Does that sound like a lot of money to you? Can we put a price tag on people's lives? Isn't there someone out there that can get this thing for us wholesale? How about trying to pick one up on Craigslist.

That's exactly what the New York Times reported Cheif Curvin Wolfgang of the East Prospect, Pennsylvania Fire Company did when they needed a replacement for their 33-year-old aerial platform truck. He knew a brand new truck would cost his town $700,000 - so he googled the phrase "aerial truck for sale".

His search took him to the classified ad web site Craigslist, where he saw a listing for a 1993 Pierce aerial platform truck. The interesting thing about the truck was that it had not been used for 10 years. It had been left behind on Governor's Island in New York harbor by the U.S. Coast Guard when they turned over control of the island to the city and state of New York a decade ago.

And the best part was Chief Wolfgang was able to negotiate a sale price of just $75,000!

O.K. Maybe we won't be able to find a bargain like that for Hillsborough - and we certainly won't be able to get the kind of advanced machine that we want. I understand that.

So, here's another idea. Let's sell the old truck on eBay - you never know who might be looking for what we've got! And I'll only take a 3% commission!

20 February 2008

The Murder of Twelve Year Old Jasper B. Baird

The early morning of June 29, 1867, began like many other Saturday mornings at the Auten Road home of Andrew and Aletta Baird and their five children. By five-thirty the sun was already shining, and breakfast was on the table - plenty to eat for a hungry farm family and their serving girl, and their tenant - 45-year-old Jacob van Arsdale.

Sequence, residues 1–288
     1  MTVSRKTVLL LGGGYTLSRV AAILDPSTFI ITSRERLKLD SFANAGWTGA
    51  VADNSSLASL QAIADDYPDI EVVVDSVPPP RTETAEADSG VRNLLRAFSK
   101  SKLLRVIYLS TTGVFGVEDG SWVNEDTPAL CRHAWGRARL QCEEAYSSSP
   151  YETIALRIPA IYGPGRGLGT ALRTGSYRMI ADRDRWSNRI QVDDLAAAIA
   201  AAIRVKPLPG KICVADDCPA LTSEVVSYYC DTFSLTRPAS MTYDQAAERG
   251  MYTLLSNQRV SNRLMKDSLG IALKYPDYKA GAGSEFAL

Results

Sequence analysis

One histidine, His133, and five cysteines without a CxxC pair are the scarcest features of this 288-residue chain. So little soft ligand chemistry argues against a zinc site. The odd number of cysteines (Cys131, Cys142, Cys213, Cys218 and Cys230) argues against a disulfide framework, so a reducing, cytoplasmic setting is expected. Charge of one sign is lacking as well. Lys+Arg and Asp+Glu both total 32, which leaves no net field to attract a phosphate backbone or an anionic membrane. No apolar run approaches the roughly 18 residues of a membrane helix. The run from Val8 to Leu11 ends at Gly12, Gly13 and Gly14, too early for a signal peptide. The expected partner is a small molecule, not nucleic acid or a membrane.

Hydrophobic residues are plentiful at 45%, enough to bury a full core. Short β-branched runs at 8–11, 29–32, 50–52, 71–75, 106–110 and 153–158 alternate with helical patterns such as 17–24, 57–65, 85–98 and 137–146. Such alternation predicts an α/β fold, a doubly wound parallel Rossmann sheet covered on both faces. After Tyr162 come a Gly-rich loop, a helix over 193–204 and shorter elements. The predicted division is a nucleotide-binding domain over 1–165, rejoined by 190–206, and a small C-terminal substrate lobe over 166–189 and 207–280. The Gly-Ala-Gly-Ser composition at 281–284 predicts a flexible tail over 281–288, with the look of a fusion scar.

Twelve-year-old Jasper was sent to find Mr. Van Arsdale at the small shed where he was working at shoe-making and call him to breakfast - and told to come right back while it was still hot. The Bairds didn't know that Mr. Van Arsdale had already been to the house that morning, and had seen the African-American servant already seated at the breakfast table before him. This enraged him so, that he went straight back out to his shop and decided to kill the first person who entered.

Just minutes after Jasper went to call Van Arsdale, the murderer ran back to the house and went straight upstairs and changed his clothes. He bolted down the stairs, knocking Mrs. Baird to the ground, and ran to the Roycefield depot of the South Branch Railroad.

Jasper was found by his family in Van Arsdale's shop, lying in a pool of blood with a shoe-knife in his neck. Also found in the shop was a loaded shotgun - and a sharp hatchet was found hidden in his room.

Van Arsdale didn't get far. He was pursued to the depot and was taken into custody when the train got to Somerville. After a trial of seven days in which the courtroom was filled to capacity throughout, the jury took just three hours to reach their guilty verdict on October 30, sentencing Jacob Van Arsdale to death. It was reported at the time that Van Arsdale had been in contact with the noted Spiritualist Mrs. Jackson, and this bestowed a certain amount of sensationalism on the proceedings - Somerville was crowded with tourists hoping to see her testify.

25 October 1867 New York World

Despite the fact that Van Arsdale had been known to threaten others - even once threatening to kill his own father - or perhaps because of that fact, the jury, the court, and even the prosecutor petitioned the Court of Pardons to commute his death sentence. On November 29, 1867, the court spared Van Arsdale's life, ruling that there was a question as to his sanity and that life imprisonment would be justice enough!

18 February 2008

Early Thaw? No Problem